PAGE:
Trusting our Instinct

The blueprint of our ability to trust in the world around us is laid out at an early age. our capacity for self belief, is dependent on how we have been conditioned to think and if we have evidence of success. As a seven year old we know most of the important things about ourselves but have no skills of articulation or life skills to prove our intuition. Sometimes it can feel our adult lives are a journey away and back again to the instincts of child. Learning how to play in our work is crucial to tapping into those lost skills.

Take a single step, a line or a page a day, a brushmark or a stitch

Be patient and kinder to yourself than you have learned to tolerate

The creative process is a slinky slippery thing.

Try and hold her too tightly she slips through your

fingers and is gone when you open your palm

For some she is silence

For some she is music

For some she is a frantic scrawl

For some a blank page

For some she flows from a new ink pen

For some she is a battered old school pencil

For some she is midnight

For some she is dawn

She is air and sound and in the gaps of the day

For some she is a craving

For all she is a need

She is forever just disappearing

You and your work still exists if nobody sees it.

Don’t wait for the perfect time


Bedroom and Study

Once there was a tired old bedroom…

Stuck in it’s ways

With nasty fitted cupboards and a bright pink coat

Fairly quickly it was carpeted and the very long awaited bed from storage was put together; not only blessing us with a proper rest after a lot of temporary and always too small, sleeping places, but best of all there was…..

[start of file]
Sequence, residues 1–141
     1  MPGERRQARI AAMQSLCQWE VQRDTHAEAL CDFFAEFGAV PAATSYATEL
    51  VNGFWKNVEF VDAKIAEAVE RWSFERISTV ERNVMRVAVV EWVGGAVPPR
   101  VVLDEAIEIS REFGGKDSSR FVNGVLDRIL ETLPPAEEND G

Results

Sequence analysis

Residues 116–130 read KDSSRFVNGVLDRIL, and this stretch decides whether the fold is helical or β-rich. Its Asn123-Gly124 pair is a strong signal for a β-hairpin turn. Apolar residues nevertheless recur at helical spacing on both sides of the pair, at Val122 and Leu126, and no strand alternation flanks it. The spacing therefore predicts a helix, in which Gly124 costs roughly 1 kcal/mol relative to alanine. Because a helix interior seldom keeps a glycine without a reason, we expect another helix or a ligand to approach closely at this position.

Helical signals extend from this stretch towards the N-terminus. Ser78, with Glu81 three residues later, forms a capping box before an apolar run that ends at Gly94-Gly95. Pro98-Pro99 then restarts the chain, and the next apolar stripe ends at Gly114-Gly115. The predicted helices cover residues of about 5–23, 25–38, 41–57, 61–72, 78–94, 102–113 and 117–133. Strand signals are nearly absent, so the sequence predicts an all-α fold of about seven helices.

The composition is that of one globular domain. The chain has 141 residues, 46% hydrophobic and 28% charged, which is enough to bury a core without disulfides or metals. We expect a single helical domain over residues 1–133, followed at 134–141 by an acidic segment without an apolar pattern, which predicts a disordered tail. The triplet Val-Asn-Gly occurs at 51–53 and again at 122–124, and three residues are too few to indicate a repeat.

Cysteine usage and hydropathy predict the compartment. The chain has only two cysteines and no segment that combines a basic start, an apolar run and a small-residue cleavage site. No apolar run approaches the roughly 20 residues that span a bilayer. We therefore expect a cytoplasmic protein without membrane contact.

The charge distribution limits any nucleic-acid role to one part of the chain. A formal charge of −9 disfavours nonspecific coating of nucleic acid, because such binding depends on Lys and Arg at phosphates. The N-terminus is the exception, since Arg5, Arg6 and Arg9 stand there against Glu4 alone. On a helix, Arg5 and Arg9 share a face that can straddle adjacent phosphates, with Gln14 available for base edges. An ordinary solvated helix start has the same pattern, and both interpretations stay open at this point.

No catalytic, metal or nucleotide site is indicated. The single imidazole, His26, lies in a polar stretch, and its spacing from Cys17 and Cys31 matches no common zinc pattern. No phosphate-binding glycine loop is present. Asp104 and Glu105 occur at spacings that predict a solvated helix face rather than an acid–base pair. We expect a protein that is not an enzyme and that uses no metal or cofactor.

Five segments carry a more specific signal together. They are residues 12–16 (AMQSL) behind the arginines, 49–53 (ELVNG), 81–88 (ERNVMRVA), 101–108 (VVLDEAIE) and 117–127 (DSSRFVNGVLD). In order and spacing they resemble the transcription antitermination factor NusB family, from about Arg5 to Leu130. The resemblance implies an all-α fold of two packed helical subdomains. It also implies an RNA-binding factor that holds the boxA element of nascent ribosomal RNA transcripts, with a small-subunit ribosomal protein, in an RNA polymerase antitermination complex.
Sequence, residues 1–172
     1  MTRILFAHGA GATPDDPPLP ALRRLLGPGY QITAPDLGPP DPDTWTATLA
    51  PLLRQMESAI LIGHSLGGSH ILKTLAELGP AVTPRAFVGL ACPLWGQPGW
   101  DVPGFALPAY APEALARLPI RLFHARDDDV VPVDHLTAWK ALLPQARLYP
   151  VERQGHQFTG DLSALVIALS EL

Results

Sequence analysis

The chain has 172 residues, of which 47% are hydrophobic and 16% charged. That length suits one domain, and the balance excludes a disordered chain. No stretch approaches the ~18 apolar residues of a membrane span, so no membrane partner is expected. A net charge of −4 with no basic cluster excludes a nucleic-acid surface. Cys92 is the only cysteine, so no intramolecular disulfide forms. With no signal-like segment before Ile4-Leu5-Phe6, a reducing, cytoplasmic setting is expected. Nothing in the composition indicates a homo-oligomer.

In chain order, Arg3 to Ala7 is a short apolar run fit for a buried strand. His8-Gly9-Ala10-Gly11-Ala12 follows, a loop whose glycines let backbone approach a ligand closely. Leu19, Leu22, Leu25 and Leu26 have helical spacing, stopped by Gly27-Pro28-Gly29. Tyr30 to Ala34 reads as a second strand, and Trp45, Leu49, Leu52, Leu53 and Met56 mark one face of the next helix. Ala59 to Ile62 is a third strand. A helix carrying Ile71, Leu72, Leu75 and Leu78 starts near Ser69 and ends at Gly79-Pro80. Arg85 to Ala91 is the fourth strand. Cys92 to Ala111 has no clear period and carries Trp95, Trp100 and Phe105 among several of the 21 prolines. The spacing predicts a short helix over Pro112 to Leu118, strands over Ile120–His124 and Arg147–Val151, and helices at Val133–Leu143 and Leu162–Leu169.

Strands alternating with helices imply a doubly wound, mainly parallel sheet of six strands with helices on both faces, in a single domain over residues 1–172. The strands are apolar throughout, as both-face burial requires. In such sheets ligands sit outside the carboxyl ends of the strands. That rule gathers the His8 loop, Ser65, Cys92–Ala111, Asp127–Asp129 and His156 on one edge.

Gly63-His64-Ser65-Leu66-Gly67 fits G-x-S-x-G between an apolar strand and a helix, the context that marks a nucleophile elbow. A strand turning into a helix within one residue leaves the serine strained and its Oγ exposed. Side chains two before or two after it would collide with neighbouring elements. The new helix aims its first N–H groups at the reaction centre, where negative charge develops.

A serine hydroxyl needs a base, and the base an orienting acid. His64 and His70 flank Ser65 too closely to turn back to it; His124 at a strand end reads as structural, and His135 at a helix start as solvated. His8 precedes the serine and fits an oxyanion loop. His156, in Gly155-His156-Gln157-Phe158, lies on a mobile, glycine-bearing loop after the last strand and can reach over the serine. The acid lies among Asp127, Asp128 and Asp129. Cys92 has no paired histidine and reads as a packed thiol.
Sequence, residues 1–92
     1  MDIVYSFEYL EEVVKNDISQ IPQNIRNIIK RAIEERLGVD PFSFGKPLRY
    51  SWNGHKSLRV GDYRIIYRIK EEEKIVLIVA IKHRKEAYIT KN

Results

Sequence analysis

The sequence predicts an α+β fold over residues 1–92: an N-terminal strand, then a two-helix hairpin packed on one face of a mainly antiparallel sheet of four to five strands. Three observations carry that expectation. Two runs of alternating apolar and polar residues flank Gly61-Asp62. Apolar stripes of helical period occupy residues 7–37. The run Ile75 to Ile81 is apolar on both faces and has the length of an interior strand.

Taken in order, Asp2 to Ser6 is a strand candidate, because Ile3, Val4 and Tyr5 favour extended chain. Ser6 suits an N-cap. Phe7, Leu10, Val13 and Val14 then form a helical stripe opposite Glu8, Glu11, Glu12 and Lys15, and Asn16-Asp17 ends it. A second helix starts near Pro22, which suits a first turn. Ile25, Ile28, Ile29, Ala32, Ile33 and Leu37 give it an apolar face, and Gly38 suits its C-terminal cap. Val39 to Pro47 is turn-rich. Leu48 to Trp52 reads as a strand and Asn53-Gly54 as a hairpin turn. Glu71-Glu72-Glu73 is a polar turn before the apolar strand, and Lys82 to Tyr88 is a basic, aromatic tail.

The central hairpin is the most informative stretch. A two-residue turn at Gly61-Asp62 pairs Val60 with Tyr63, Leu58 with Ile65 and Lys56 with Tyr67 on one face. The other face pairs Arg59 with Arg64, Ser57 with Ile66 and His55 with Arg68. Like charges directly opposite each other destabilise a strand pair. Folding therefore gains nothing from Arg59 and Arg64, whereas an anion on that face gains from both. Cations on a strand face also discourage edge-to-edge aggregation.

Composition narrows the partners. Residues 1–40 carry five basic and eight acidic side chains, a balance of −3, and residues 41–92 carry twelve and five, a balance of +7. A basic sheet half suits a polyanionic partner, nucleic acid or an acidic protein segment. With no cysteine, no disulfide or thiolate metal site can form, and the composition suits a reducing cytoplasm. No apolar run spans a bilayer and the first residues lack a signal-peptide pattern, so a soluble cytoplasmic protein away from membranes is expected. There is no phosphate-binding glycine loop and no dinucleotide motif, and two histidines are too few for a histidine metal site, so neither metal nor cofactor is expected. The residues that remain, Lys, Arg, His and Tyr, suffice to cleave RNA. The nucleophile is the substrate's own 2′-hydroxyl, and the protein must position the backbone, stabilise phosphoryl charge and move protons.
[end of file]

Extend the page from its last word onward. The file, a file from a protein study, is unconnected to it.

The first stage of the bedroom’s transformation was to get rid of the harsh pink colour and the tatty paper. The walls were painted in country living duck egg blue and we began to jiggle furniture into the space. A previously decoupaged trunk sits in the foreground.

In a house where there was ongoing damp-proofing and builders trudging through, leaking pipes and avalanches of toppling boxes downstairs; this room was a gently forming soft, plump, memory filled haven.

It felt wonderful to re-unite old treasures and favourite pieces

Whilst searching out funky new ones.

This palette of woodland greys, greens and soft pale aquas feels very calming . Easy to change different bedding, blankets and a never ending supply of velvet cushions!

As boxes and antique fairs offer up new possibilities, a parade of possible keepsakes will stay a while, maybe shuffle, maybe get swapped about. Plants find their spot, books get their day, corners get their moment in the light.

The window waiting to frame each morning’s view, our little piece of Devon.

The biggest storage issue was always going to be my clothes! A lifetime of rummaging in vintage shops, charity shops, and occasional treats from a few favourites like Seasalt, Laura Ashley, Kath Kidston and TK Maxx. Rough colour chunking helps me find a specific garment!

Antique looking Venetian wallpaper behind the bed at the back of the wall.

Quiet place in a new velvet chair from ebay by the window. Ikea sage green velvet curtain


The original Laura Ashley wallpaper in the small bedroom. Interesting, and very retro, but a tad overwhelming.

After a LOT of layers of paint on walls which had to for now, retain the wallpaper underneath, to keep them in tact, The study could begin to take shape.

The temporary space at one end of the study was set up to start organising products. A big undertaking.

The other side caters for someone else’s career and interests!

Neatened up and a little more sorted, the room began to feel less cluttered and we could even picture a spare bed for guests.

Because there’s no place like home

We all have our favourite place to chill

The window alcove currently retains a little of the old paper, a backdrop for a tiny boat collection and paintings by my friend Ruth.